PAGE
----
Second, while interior quality is up massively, there are still a few Chevy-sourced components kicking around. Both the control stalks, column shifter, and trim in the third row come from Chevy trucks. It’s hardly unforgivable, but not an issue that is likely to be found in other luxury SUVs.

Luxury dynamics

As impressive as the rest of the Escalade is, the real treat is how it drives. Despite using old-school body-on-frame construction and a pushrod V8, the big Cadillac rivals any of its foreign competitors on ride quality, if not handling prowess.

It almost feels as though the Escalade is flattening the road beneath it.

The standard wheelbase version of the Escalade weighs in at a pavement-cracking, bridge-sagging 5,840 pounds. It bears this weight shockingly well, though. It would be wrong, as well as faintly ridiculous, to call it nimble, but the Escalade has a really pleasant degree of poise.

Steering is precise and direct, with force building nicely in hard turns. The suspension, given the weight and size, is a masterwork, keeping the Escalade level in all but the hardest corners. The truck’s 52/48 front-to-rear weight balance likely aids the suspension’s competence. Certainly, the Escalade is far from sporty, but it is something more appropriate: luxurious.

The ride is no small part of this luxurious, with the suspension devouring bumps and imperfections. It almost feels as though the Escalade is flattening the road beneath it.

Power, as one would expect in a car mounting a Corvette-sourced, 6.2-liter V8, is plentiful, boasting 420 horsepower and 460 pound-feet of torque, which is enough to give a 0-to-60 time of around 6.0 seconds.


Most of the time this power comes in a smooth wave, rather than an overwhelming burst. Though, this sensation of unstoppable force is more than appropriate for the car’s intended purpose.

In total, the Escalade is a surprisingly nice car to drive. It is comfortable, powerful, and very well mannered. A car like a Range Rover may be a bit more refined and a bit sportier, but buyers opting for the Escalade needn’t feel like they are missing out.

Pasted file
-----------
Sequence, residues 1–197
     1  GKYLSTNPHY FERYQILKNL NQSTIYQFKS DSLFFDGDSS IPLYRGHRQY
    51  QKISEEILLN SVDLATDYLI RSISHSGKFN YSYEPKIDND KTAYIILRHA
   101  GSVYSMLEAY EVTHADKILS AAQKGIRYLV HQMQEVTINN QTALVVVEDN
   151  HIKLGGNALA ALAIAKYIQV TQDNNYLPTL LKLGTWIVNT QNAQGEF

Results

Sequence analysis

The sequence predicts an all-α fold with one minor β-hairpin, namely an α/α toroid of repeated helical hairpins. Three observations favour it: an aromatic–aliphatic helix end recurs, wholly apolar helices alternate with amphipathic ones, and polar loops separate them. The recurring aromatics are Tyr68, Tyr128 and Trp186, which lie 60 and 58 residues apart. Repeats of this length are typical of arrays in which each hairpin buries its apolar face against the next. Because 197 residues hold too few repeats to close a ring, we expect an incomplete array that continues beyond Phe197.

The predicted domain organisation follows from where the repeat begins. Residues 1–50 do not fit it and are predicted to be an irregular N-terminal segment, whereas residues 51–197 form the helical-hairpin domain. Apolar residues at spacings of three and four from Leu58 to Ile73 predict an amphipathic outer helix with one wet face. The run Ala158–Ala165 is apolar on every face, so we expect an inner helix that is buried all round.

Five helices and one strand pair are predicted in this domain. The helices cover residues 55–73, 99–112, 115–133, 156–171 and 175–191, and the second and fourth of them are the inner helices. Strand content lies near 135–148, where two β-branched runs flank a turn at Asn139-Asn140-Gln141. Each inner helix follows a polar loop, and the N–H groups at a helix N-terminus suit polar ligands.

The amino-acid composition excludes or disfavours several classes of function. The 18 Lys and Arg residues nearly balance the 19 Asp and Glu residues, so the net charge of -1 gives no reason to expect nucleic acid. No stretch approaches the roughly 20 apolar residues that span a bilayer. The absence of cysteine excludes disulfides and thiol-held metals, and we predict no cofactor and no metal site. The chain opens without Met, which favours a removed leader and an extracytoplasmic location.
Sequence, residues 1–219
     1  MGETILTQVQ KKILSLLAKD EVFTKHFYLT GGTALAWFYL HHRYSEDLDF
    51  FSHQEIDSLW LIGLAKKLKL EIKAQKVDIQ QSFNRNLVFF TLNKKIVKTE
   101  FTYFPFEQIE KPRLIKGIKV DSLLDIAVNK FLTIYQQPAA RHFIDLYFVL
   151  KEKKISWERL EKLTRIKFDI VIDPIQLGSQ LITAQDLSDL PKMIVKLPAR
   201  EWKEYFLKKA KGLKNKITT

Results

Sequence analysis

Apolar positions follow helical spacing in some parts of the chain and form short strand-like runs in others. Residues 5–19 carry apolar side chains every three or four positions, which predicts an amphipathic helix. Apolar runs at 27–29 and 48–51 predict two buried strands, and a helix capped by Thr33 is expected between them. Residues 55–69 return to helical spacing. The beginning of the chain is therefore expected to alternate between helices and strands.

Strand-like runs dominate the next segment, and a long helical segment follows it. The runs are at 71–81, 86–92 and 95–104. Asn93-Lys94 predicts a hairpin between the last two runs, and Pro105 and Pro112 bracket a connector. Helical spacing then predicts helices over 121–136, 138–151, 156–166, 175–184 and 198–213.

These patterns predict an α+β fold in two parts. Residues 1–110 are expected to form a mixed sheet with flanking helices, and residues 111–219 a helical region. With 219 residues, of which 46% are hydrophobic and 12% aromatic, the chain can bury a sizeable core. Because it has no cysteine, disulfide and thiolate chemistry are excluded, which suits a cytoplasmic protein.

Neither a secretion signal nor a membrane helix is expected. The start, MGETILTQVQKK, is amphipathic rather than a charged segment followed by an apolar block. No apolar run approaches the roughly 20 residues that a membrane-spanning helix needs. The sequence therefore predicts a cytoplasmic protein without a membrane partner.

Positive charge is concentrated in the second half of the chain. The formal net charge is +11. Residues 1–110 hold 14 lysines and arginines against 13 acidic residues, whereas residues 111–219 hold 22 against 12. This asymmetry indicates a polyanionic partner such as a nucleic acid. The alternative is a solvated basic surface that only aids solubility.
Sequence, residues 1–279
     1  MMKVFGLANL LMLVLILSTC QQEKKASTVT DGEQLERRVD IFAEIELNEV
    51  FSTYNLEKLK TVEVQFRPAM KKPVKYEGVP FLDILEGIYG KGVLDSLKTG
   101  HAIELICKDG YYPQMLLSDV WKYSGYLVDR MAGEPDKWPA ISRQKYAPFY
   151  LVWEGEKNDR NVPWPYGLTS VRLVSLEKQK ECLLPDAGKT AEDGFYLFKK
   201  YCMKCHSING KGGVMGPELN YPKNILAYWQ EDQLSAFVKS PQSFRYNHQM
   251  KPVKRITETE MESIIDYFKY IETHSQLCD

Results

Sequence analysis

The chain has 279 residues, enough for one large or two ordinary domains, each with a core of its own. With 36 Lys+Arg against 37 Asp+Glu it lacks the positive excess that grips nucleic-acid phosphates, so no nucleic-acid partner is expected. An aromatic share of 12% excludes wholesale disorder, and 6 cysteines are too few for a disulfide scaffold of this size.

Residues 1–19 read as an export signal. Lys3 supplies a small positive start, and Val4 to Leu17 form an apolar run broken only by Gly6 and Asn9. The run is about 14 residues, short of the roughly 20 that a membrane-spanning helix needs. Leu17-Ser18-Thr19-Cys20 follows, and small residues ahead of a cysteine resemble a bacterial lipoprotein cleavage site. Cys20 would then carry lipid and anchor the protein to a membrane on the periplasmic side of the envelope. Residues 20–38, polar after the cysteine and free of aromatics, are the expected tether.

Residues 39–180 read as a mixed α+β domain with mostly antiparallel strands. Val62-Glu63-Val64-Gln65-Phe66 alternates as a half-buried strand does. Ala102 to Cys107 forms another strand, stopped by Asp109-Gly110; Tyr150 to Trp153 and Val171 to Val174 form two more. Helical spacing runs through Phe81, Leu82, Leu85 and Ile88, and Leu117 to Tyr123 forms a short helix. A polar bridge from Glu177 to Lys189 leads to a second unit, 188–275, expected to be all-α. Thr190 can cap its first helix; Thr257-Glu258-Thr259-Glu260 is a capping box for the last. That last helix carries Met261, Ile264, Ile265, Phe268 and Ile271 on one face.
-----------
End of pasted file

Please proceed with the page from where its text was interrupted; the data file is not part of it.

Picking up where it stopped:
The DT Accessory Pack

Up your game and the get the most out of your gear with the following extras, hand-picked by our editors:

Cobra Radar Detector ($183)
The Escalade isn’t exactly a subtle vehicle, so keep a digital eye peeled – so long as its legal in your area.

Cobra Dash Cam ($229)
Lots of people are going to want to see your Escalade, you may want to keep track of them.

Branded floor maps ($15)
Bring up the bling a notch with logos showing off the Cadillac shield.

I am generally not a fan of big luxury SUVs; they have always struck me as being the pinnacle of form over function. So, I went into my time with the Escalade expecting to have a few laughs and generally enjoy pretending to be far cooler than I am … but not much more. To my surprise, I ended up not just liking the Escalade but respecting it.

The big Caddy is an impressive feat of design and engineering, as well as being one of the most dramatic automotive statements for under $200,000. It certainly isn’t for everyone. The $93,000 price tag rules out a lot of people on its own. For those who appreciate what it has to offer, though, there is really no other choice.

Fortunately for those people, the Escalade is also available at the more reasonable starting price of $73,965. Sure, at that price, some of the toys may be lacking. The style and critical engineering is still there. It may be hard to call that a bargain, but it does offer the chance to own something more than a bit special.


  • Powerful, smooth 6.2-liter V8
  • Tremendous visual presence
  • Refined ride and handling
  • Unmatched status symbol


  • Ungodly fuel economy
  • Some cheap carryover parts

Editors' Recommendations

Peter Braun
Former Digital Trends Contributor
Peter is a freelance contributor to Digital Trends and almost a lawyer. He has loved thinking, writing and talking about cars…